Russia's Accession to the WTO and Its Implications for the United States

Date: January 30, 2012
Creator: Cooper, William H.
Description: Russia has been invited to join the World Trade Organization (WTO) by July 23, 2012. This report looks at policy issues for Congress, and concerns for the US regarding conditions ensuring that Russia fulfills its obligations and provides meaningful trade and investment opportunities for U.S. firms.
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The New START Treaty: Central Limits and Key Provisions

The New START Treaty: Central Limits and Key Provisions

Date: December 23, 2011
Creator: Woolf, Amy F.
Description: The United States and Russia signed a new strategic arms reduction treaty - known as New START - on April 8, 2010. This treaty is designed to replace the 1991 Strategic Arms Reductions Treaty (START), which expired, after 15 years of implementation, on December 5, 2009. This report provides an overview of New START, including a comparison to the original START Treaty, the belief of the Obama Administration and outside analysts that New START will enhance U.S. national security, and the criticisms of those who say that New START (and, indeed, the entire issue of U.S.-Russian arms control) is a distraction from more important items on the nonproliferation agenda.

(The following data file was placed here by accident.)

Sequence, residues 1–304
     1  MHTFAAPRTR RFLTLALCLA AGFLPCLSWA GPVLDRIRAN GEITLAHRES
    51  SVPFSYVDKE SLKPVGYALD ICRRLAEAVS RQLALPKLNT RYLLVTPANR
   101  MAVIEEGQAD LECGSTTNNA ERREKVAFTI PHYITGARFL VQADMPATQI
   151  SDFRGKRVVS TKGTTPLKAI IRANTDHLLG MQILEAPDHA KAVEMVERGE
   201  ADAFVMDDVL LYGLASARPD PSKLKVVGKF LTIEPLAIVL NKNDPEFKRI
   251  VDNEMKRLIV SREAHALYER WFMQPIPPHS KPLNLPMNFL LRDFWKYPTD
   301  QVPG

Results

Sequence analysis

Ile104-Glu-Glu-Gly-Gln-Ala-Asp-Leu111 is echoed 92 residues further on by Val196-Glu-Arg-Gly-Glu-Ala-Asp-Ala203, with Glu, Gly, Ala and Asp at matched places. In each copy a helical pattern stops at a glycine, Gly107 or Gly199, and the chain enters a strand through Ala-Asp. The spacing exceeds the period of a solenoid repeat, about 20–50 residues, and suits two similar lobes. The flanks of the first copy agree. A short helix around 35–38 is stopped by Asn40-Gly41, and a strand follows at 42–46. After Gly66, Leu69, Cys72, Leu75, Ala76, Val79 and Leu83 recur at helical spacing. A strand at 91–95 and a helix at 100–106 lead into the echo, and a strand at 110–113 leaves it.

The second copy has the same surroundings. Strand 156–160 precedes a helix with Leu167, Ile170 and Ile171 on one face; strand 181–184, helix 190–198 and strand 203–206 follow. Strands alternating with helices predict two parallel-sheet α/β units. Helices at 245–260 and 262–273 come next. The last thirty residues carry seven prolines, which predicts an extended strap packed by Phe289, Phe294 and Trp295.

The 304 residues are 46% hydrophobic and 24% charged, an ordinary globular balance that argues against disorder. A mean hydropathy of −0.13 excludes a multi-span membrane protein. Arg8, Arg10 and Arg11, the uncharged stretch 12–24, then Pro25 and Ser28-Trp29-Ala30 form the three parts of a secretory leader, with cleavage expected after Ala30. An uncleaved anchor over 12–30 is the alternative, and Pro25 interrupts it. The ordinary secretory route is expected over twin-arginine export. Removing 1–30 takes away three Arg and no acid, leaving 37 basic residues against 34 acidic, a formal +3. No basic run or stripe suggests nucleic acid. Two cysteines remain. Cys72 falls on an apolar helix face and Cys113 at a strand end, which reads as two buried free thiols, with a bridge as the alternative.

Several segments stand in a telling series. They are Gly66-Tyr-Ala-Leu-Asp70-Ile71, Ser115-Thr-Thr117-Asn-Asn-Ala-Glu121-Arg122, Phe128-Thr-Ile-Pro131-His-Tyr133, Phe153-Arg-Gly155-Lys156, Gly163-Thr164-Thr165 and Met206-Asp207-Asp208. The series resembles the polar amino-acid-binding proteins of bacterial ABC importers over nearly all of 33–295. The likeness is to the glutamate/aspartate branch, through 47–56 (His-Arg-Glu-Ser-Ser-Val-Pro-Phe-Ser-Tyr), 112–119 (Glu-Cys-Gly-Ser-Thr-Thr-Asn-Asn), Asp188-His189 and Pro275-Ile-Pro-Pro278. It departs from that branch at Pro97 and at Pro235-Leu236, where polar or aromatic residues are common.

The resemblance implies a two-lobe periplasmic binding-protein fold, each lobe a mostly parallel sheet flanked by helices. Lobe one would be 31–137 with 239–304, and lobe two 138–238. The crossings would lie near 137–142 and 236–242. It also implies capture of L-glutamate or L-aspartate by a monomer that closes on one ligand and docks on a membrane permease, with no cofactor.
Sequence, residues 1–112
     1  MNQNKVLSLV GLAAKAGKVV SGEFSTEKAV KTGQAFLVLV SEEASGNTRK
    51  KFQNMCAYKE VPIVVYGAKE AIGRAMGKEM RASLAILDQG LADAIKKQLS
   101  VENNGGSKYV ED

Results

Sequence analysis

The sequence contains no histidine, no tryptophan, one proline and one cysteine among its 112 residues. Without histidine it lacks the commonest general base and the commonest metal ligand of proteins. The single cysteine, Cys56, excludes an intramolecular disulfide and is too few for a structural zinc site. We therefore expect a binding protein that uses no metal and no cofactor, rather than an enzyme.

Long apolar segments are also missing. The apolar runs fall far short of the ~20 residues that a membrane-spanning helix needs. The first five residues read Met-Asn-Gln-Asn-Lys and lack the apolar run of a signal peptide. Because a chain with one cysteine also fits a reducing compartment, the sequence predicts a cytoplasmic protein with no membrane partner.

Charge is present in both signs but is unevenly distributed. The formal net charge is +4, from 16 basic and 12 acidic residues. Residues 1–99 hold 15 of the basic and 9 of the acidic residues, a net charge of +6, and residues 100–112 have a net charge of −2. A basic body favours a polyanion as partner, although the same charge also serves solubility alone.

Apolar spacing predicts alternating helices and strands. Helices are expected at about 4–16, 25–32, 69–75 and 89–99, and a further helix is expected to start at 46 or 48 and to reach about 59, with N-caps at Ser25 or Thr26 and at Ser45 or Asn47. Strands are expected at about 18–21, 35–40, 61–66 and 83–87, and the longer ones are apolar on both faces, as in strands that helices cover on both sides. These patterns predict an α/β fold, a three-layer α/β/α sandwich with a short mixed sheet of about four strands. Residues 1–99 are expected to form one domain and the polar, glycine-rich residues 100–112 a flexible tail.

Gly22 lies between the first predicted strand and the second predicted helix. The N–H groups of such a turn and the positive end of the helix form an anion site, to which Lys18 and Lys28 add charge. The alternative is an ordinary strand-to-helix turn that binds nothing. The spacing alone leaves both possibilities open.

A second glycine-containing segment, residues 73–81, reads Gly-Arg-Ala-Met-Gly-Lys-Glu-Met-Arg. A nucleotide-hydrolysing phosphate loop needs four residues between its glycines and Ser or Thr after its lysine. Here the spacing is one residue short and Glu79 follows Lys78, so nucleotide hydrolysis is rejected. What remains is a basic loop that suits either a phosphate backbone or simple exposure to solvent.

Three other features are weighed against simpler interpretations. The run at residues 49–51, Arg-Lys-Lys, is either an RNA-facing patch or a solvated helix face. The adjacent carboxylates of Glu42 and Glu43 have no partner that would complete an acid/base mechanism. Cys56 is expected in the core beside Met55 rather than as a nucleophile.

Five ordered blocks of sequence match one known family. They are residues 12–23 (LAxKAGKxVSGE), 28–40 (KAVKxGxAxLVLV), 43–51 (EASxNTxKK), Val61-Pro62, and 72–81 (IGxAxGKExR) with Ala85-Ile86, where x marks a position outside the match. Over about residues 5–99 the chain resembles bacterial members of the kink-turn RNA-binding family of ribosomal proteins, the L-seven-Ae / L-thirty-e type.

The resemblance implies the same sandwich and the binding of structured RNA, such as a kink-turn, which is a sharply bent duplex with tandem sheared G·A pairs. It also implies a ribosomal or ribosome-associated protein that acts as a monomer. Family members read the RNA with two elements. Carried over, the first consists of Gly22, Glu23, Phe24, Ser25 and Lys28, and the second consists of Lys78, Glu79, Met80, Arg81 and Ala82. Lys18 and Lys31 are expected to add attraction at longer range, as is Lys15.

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The New START Treaty: Central Limits and Key Provisions

The New START Treaty: Central Limits and Key Provisions

Date: April 21, 2011
Creator: Woolf, Amy F.
Description: The United States and Russia signed a new strategic arms reduction treaty - known as New START - on April 8, 2010. This treaty is designed to replace the 1991 Strategic Arms Reductions Treaty (START), which expired, after 15 years of implementation, on December 5, 2009. This report provides an overview of New START, including a comparison to the original START Treaty, the belief of the Obama Administration and outside analysts that New START will enhance U.S. national security, and the criticisms of those who say that New START (and, indeed, the entire issue of U.S.-Russian arms control) is a distraction from more important items on the nonproliferation agenda.
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Russian Military Reform and Defense Policy

Russian Military Reform and Defense Policy

Date: August 24, 2011
Creator: Nichol, Jim
Description: This report looks at the Russia's revamping of the armed forces that it inherited from the Soviet Union. It discusses the revamping process as well as the new armed forces' relationship with the U.S.
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United Nations Reform: U.S. Policy and International Perspectives

United Nations Reform: U.S. Policy and International Perspectives